Wisdom from the World Faiths

November 10, 2009 - 10:09 am 4 Comments

Insights and Wisdom From The World Religions: The Spiritual or Worthwhile Life

For a spiritual practitioner, one’s enemies play a crucial role. As I see it, compassion is the essence of a spiritual life. And in order for you to become successful in practicing love and compassion, the practice of patience and tolerance is indispensable. There is no fortitude similar to patience, just as there is no affliction worse than hatred.

I believe that to meet the challenge of the next century, human beings will have to develop a greater sense of universal responsibility. Each of us must learn to work not just for his or her own self, family or nation, but for the benefit of all mankind.
From the Dalai Lama

Some Initial Christian Thoughts:

” I now see clearly that, if there is any path at all on which I can approach [God] it must lead through the middle of my ordinary life.” Karl Rahner

Nobody ever finds a life worth living. One has to make it worth living. All the people to whom life has been abundantly worth living have made it so by making a creative, unselfish, and spiritual contribution of their own back to the community and to others.
Is life worth living? Most people seem to think this is a question about the Cosmos. No, my friends, it is a question about the inside attitudes of you and me.
Harry Emerson Fosdick

Another way in which we look at life is summed up by the Medieval mystic, dissenter, and one of the founders of Creation Spirituality, Meister Eckhart. He stated that all can be seen as a reflection of what is held in our minds and hearts . This is what he said about the reality some of us call God:
“God sees us through the same eyes as we see ourselves.” If we view God, the world, and others with judgment and condemnation, we will appear to be seen as judgmental and condemning, if we see God, the world and one another with compassion and joy, our perceptions of ourselves will be equally compassionate and joyous to our perceptions of ourselves and of one another.

From Contemporary Jewish and Psychological thought:

In the concentration camps, we needed to stop asking about the meaning of life, and instead think of ourselves as those who were being questioned by life itself, daily-hourly. Our answer must consist, not in talk or meditation, but in right action and in right conduct. Life ultimately means taking responsibility to find the right answers to its problems and to fulfill the tasks which as constantly set before us as individuals.
Dr. Viktor Frankel

In her latest book, Kitchen Table Wisdom, Dr. Rachel Naomi Remen, gives us some insight on how we best can approach seeing ourselves and the reality of our lives. She writes:
[“Whatever we believe about ourselves can hold us hostage… It seems to shift the way in which we actually experience ourselves and how we live our lives.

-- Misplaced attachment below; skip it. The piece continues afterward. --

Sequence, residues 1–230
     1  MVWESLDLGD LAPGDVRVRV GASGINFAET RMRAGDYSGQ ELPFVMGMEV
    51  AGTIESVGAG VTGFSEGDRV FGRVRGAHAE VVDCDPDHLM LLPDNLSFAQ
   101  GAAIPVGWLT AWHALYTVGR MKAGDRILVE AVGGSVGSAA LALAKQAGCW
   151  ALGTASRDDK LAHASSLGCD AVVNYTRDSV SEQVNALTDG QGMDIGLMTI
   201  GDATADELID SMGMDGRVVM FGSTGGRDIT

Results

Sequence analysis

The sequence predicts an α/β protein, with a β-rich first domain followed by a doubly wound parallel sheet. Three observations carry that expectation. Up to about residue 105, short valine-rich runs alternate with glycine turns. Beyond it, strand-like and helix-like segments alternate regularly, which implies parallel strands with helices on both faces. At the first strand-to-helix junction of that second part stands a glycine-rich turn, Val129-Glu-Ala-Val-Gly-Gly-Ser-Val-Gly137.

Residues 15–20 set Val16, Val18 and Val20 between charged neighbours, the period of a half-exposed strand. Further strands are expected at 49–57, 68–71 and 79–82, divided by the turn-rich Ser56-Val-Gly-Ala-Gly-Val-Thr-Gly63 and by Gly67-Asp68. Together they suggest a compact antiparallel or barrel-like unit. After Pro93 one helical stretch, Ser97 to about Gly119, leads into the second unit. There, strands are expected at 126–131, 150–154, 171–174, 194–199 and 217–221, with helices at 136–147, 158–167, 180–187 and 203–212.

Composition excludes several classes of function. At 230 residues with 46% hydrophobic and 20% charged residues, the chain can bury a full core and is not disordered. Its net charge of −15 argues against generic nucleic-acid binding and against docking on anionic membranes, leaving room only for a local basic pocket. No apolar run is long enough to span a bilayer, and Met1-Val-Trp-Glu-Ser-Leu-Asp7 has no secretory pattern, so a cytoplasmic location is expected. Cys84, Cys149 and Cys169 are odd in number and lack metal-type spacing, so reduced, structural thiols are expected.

According to Talmudic teachings, ‘we do not see things as they are. We see things as we are.’ A belief is like a pair of sunglasses…. When we look at life through it, it is difficult to convince ourselves that what we are seeing is not real, for with sunglasses on, life looks green to us.. Knowing what is real requires that we remember that we are wearing sunglasses, and that we can take them off. One of the great moments in life is the moment when we recognize we have them on in the first place. Then freedom is very close to us. It is a moment of great power.”]

On the Many Meanings of Church:

Count Leo Tolstoy offered this definition of church, and of the Spirit and where we will find it. He said:
[The church is composed of people who are united, not by creed or sacrament, but by deeds of truth and love. And whether this Spirit-filled church is large or small, it shall never perish, for such is a true church that unites the hearts and minds of all whom it serves.]

From a contemporary Buddhist poet, Ngoma Uhura: a poem entitled “Nia”

From the books you read, from the news you know, from the word you give, build where you are.

Nia is purpose, Nia is greatness, Nia, build where you are, Nia, do what must be done.

In the town you live, on the block you stay, In the time you spend, build where you are.

On the job you work, with the money you earn, with the food you eat, build where you are.

In the men you birth, in the women you raise, in the family you know, build where you are.

In the church you go, or the temple inside you, in the faith you keep, build where you are.

“She(Shug) say, “Celle, tell the truth, have you ever found God in a church?’ I never did. I just found a bunch of folks hoping for him to show. Any God I ever felt in church I brought in with me. And I think all the other folks did, too. They come to church to share God, not find God.”
Alice Walker The Color Purple

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